**Theory**

Heap Sort is classical algorithm which, perhaps any programmer should know. This sorting algorithm is notable for the fact that regardless of the data set it has one and the same complexity time – O (n log n).

Heap sort uses binary sorting tree. The sorting tree is a tree based on such conditions: aach sheet has a depth “d”, or “d-1”, where d is a maximum depth of the tree. The value in each vertex has not less (another option not bigger) value than its descendants.

Convenient data structure for sorting tree is an array Array, where Array[1] is the element at the root, and the descendants of the Array elements [i] are Array [2i + 1] and Array [2i + 2].

The sorting algorithm will consist of two main steps:

- The elements of the array are building a sorting tree:

Array[i] ≥ Array[2i+1]

Array[i] ≥ Array[2i+2] - Remove items from the root by one at a time and rebuild the tree. On the first step exchange the Array[1] and Array [n], convert Array[1], Array[2], …, Array[n-1] in the sorting tree. Then swap Array[1] and Array[n-1], convert Array[1], Array[2], …, Array[n-2] in the sorting tree. The process continues until the tree contains one element. Then Array[1], Array[2], …,Array [n] constitute an ordered sequence.

This step requires O (n \ log n) operations.

For example let’s sort such array: 24, 31, 15, 20, 52, 6

*Stage 1*

Arrange the items in the original form of the tree; the number of the element in the right part is (6 / 2-1) = 2 – this element is – 15.

The result of the screening element 15 through the pyramid.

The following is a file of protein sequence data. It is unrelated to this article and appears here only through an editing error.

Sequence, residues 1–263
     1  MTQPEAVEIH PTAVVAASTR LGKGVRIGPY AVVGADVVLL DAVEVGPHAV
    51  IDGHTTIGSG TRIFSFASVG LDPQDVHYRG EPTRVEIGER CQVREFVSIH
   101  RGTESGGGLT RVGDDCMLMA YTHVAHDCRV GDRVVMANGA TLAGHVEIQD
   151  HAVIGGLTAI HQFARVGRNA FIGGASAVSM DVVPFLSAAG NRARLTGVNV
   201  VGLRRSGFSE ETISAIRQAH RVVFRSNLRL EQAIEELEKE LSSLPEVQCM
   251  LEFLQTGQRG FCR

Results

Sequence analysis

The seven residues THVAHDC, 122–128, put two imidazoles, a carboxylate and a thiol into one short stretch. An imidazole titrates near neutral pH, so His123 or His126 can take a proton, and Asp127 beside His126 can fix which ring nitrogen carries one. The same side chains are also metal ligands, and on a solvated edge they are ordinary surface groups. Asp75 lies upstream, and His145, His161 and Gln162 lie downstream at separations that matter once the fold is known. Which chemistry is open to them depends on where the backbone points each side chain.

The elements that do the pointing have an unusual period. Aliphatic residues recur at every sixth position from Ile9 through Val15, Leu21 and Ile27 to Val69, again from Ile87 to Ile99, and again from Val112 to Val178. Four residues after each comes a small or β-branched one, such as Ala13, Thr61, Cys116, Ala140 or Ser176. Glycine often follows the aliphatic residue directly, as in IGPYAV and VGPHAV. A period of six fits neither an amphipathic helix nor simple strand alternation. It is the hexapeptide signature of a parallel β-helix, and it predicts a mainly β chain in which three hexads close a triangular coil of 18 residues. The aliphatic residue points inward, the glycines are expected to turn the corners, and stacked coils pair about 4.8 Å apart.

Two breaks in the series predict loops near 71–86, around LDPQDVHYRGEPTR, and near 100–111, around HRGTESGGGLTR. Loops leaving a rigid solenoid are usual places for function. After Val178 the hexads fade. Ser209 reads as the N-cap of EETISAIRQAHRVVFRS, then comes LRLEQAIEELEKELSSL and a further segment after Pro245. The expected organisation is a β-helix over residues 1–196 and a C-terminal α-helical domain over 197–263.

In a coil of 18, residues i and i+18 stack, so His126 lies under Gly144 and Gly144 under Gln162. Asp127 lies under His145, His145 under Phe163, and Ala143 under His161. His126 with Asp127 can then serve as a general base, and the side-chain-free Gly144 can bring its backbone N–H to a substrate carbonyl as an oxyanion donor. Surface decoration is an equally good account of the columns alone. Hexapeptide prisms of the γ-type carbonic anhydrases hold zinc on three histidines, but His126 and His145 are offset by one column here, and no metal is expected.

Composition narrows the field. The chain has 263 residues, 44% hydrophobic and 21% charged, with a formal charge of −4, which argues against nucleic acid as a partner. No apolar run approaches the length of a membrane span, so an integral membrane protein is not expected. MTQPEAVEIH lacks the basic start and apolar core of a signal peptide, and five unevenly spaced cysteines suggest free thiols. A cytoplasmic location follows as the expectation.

Next screening element is 1, equal to 31.

Then – item 0 equal to 24.

Of course, the resulting array is not sorted. However, the procedure of screening is the basis for the heapsort. As a result of screening the smallest element is on top of the pyramid.

*Stage 2 *

Sorting the tree. We take the last element of the array as the current. Swap the top (smallest) element of the array and the current. Sift through current member (now it’s the top) through n-1 elemental pyramid. Then take the penultimate element, etc.

Continue the process. As a result, the array will be sorted in descending order.

So that’s how the array is sorted. Here’s the screenshot of execution of the program with such array: {56,3,3,5,78,34,21,43,54,23,4,5,7,8,6,4,23,23,4}

And here is the Java code:

public class HeapSort { private static int[] arr; private static int size; private static void output(int[] arr) { int count = 0; while (count < arr.length) { System.out.print(arr[count++] + " "); } System.out.println(""); } private static int ancestor(int count) { return ((count + 1) / 2 - 1); } private static void swap(int a, int b) { int tmp = arr[a]; arr[a] = arr[b]; arr[b] = tmp; } private static int leftHeap(int count) { return ((count + 1) * 2 - 1); } private static int rightHeap(int count) { return ((count + 1) * 2); } private static void maxHeap() { int count = arr.length / 2 - 1; size = arr.length; while (count >= 0) { doMaxHeap(count); count--; } } private static void doMaxHeap(int count) { int largest = count; int left = leftHeap(count); int right = rightHeap(count); if (right < size) { if (arr[largest] < arr[right]) { largest = right; } } if (left < size) { if (arr[largest] < arr[left]) { largest = left; } } if (largest != count) { swap(count, largest); doMaxHeap(largest); } } public static void sorting(int[] tmp) { arr = tmp; sorting(0, arr.length); } private static void sorting(int leftHeap, int rightHeap) { int count = arr.length - 1; maxHeap(); while (count > 0) { swap(0, count); size -= 1; doMaxHeap(0); count--; } } public static void main(String[] args) { int[] arr = {56,3,3,5,78,34,21,43,54,23,4,5,7,8,6,4,23,23,4}; System.out.println("Your array:"); output(arr); System.out.println("Sorting..."); sorting(arr); System.out.println("Sorted array:"); output(arr); } }

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